Television, Serialization, and Endings

I read an article recently entitled “the Cosmology of Serialized Television.” It’s a great read if you’re interested at all in media and storytelling, so you should check it out.

The tl;dr is basically that the structure of television makes it impossible to create good art. Specifically, the “interferences” of networks and audience, the need to sometimes suddenly end a show or to stretch it out for four more seasons, ends up almost categorically creating failures. Any show that attempts to build an overarching storyline or mythology ends up becoming too complex, too grand for its own good. Shows like Lost fail because the creators can’t plan an ending, even though it seems like they’re working towards one, and then when they do it, they find it impossible to really tie everything up in a meaningful way, because it went on for three seasons too long.

Perhaps the most dangerous effect of the Big Crunch mentality has been to make television creators think of themselves as auteurs, to convince them that in spite of the massive interference with their work, they can somehow create a work of aesthetic integrity and sociological insight even if they don’t know where it’s going. Well, sometimes you get lucky, but more often, the result is disaster, and the effort spent toward that failure is redirected from where it would be better put: creating great trash. The quality hack becomes a crap expressionist.

There’s a lot of good stuff here, even though the author disparages some shows that I very much enjoyed -- like Buffy the Vampire Slayer, which admittedly had some not-so-great seasons. But I think the overarching message rings pretty true:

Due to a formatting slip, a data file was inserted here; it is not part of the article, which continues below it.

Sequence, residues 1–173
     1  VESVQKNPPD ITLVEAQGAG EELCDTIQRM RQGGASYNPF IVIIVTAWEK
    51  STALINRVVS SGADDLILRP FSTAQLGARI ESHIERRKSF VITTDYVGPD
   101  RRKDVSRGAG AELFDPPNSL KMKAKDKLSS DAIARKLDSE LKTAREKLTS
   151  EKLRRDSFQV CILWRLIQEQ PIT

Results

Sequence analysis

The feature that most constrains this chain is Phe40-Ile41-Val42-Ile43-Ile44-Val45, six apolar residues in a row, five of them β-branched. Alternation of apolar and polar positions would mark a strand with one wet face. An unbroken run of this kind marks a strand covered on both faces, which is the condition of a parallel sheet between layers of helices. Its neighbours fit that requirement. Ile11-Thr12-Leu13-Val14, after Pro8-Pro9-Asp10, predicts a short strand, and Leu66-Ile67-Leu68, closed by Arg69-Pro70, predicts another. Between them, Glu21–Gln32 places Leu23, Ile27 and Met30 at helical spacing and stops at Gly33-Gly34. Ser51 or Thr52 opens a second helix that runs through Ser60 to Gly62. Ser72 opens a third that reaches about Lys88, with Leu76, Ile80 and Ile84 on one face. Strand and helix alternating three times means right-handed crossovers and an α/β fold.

If you don’t know what the ending is and how long it will take to get there, you can’t create a good story.

Getting it Right

That said, it is possible. The author makes the example of Battlestar Gallactica, where the creators didn’t know where the show was going necessarily, but made a careful attempt to lay clues that they could use, and keep the show from getting too unwieldly such that when they did end it, they could mostly wrap things up.

The author also implies that the ending was terrible. I actually liked it, having just watched through the whole series earlier this year. I can see how audiences, especially at the time, might have been totally underwhelmed and betrayed by some of it -- angels and prehistoric Earth and all -- but I’d had the ending slightly spoiled for me, and I actually liked the interplay of the hard science fiction with the ambiguous mysticism. So it worked for me.

There were confusing bits, of course.

To me, this is sort of the holy grail of serial creation -- having a general basic idea where you’re going, planting a lot of hints and mysteries that you can tie up later, keeping things moving and interesting so that at some point, maybe 50% of the way through, you can start to plan out how it’s going to end and tie everything up. This is basically how I run D&D games.